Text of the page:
It took some digging on Google, but I eventually found this:
In some cases, Pentagon officials were thought to have agreed to rigging the bidding process to favor certain companies, in exchange for a position after they left government service or even personal favors; indeed, Assistant Secretary Paisley, who left the Department of the Navy in March 1987, later plead guilty to providing classified and proprietary data to free-lance military consultants, many of whom were later convicted or plead guilty. (Among the "personal favors": a major defense contractor bought Paisley’s vacation condominium in Sun Valley at an above-market price, reselling it in a year for a loss.)
on this web page:
and this:
1991 Melvyn R. Paisley (d.2001 at 77), a former assistant Navy Secretary, pleaded guilty to conspiracy and bribery as part of "Operation Ill Wind," a 7 ½ year operation which investigated corporate executives, defense consultants and government officials.
(SFC, 12/27/01, p.A19)

on this page:
Regarding the noises in the ear, I found this:

Can Other People Hear the Noise in My Ears?

Not usually, but sometimes they are able to hear a certain type of tinnitus. This is called "objective tinnitus," and it caused either by abnormalities in blood vessels around the outside of the ear or by muscle spasms, which may sound like clicks or crackling inside the middle ear.

on this page:
All this searching turned up some weird stuff, like this:

Monday, March 28, 2005


Actually used to my truck to do some real work this weekend. Went to home depot and picked up two loads of timbers and blocks for the retaining wall we are planning on building in the back yard. I figure each load weighed about one ton and cost $200. There are basically two sizes of blocks made for retaining walls: Manor stone, which weighs 60 pounds each, and cottage stone, which weighs 30 pounds each. In the spriit of family cooperation, we elected to use cottage stone, because they are small enough that Johnny can carry them, and if he can carry them, everyone else in the family can carry them to.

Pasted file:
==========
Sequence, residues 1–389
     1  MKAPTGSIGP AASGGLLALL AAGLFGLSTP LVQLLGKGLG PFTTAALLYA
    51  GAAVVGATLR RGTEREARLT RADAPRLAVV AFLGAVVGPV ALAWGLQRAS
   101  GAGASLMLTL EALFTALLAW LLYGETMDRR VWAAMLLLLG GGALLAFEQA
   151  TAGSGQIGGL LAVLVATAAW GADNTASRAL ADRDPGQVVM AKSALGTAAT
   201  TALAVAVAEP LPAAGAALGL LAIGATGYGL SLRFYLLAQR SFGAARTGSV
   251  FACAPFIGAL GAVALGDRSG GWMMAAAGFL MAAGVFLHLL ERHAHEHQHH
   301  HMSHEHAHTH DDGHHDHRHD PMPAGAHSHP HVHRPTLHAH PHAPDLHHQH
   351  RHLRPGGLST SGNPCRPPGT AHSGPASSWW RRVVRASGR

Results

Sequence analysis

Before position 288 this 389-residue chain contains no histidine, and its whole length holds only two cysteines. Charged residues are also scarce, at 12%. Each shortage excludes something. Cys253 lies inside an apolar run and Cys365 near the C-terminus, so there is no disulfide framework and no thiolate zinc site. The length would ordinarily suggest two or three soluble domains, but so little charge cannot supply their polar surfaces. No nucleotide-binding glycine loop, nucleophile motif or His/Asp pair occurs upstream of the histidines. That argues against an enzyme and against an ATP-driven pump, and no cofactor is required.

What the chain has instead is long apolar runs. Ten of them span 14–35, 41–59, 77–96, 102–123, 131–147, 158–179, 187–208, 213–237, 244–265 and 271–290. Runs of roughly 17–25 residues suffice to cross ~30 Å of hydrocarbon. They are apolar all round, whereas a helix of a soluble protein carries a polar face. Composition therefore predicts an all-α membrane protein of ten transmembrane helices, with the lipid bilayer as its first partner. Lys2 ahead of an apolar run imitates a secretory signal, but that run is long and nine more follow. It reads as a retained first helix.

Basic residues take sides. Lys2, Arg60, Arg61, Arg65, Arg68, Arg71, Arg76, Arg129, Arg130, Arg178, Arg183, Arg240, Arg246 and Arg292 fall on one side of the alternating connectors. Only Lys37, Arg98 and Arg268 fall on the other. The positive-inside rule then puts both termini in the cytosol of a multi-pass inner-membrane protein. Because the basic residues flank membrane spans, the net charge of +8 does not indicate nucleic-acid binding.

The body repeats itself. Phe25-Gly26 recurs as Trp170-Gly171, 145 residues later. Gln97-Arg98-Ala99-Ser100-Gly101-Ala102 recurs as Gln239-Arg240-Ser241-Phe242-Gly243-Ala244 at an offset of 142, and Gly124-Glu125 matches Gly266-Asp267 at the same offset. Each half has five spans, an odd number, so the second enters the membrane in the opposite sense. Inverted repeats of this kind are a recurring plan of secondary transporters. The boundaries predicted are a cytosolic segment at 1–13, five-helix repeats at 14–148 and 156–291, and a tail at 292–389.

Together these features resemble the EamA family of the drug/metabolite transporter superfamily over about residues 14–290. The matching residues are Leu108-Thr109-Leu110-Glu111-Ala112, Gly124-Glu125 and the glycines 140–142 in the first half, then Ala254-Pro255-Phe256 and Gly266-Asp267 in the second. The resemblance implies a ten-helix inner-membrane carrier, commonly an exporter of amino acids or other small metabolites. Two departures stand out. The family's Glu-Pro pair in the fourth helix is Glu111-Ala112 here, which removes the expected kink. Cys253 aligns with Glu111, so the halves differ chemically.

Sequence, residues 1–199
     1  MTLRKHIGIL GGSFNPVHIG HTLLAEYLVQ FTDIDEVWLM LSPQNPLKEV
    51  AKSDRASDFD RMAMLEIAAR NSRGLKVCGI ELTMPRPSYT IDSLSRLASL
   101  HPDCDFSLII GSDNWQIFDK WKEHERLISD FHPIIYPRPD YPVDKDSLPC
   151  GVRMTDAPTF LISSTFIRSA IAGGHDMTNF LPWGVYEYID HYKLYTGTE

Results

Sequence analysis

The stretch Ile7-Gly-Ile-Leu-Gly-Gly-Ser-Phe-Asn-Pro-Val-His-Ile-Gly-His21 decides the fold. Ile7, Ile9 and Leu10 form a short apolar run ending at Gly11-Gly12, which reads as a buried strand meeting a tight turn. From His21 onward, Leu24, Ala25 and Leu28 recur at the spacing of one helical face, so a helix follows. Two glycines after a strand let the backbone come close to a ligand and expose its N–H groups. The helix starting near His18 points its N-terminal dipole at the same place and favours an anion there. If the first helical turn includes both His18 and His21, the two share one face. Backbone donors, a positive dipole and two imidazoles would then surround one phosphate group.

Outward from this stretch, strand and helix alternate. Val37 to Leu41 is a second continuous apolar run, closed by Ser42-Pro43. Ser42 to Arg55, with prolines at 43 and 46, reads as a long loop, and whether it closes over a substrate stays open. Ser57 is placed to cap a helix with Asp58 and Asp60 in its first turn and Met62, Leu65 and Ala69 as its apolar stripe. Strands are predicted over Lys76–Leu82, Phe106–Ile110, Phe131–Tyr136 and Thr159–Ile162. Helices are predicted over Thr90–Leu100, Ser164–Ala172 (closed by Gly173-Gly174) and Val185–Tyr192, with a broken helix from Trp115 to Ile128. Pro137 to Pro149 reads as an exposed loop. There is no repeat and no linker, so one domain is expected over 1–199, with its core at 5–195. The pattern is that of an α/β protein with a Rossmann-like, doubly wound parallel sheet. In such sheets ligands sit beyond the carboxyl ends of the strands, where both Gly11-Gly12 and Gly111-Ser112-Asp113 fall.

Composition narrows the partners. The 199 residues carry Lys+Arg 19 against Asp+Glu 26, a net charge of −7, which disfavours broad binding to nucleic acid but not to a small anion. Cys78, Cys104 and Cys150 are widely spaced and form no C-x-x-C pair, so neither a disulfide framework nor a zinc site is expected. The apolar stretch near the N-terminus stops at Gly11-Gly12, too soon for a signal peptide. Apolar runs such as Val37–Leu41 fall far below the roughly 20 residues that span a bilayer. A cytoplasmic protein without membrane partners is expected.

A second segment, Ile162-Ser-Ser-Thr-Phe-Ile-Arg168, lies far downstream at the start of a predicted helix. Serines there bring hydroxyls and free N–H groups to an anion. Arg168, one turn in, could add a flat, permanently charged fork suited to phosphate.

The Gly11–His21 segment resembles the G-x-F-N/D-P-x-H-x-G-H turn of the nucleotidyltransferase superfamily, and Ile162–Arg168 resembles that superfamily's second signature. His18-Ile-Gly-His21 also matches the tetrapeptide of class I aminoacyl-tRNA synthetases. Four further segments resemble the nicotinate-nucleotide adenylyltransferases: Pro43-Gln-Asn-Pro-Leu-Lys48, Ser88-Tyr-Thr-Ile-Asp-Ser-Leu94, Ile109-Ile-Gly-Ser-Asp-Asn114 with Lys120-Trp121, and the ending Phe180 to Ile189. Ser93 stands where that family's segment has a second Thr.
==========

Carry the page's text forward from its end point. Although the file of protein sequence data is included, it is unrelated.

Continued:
The timbers are another matter. The are 6 by 6's, eight feet long. The must weigh at least 100 pounds. I carried six of them by myself around to the back of the house. I got help with the others. Johnny helped with a couple and Kathryn helped with the rest. I probably shouldn't have had Kathryn helping me. They were very heavy, and it was wet and if we had slipped, somebody could have gotten seriously hurt. But we survived.

Ross and Kathryn got back from their trip to New York late Friday night. Johnny and Ross immediately started in on each other, just what you would expect. Sounds like everyone had a good time in NYC.

Thursday, March 3, 2005

Software Consulting

Friend on mine runs a software contracting shop. They charge by the hour. Rates run from $50 to $90 per hour to the customer. Guys who do the work get %70 of that.

He told me a story about two people he had working. One was very methodical, organized and efficent. Went in, figured out what to do and then did it with a minimum of fuss. The other one was sloppy, inefficent, and disorganized. Constantly consulting with the customer over all kinds of problems. Project finished up, contractors went home. Time goes by. Customer has another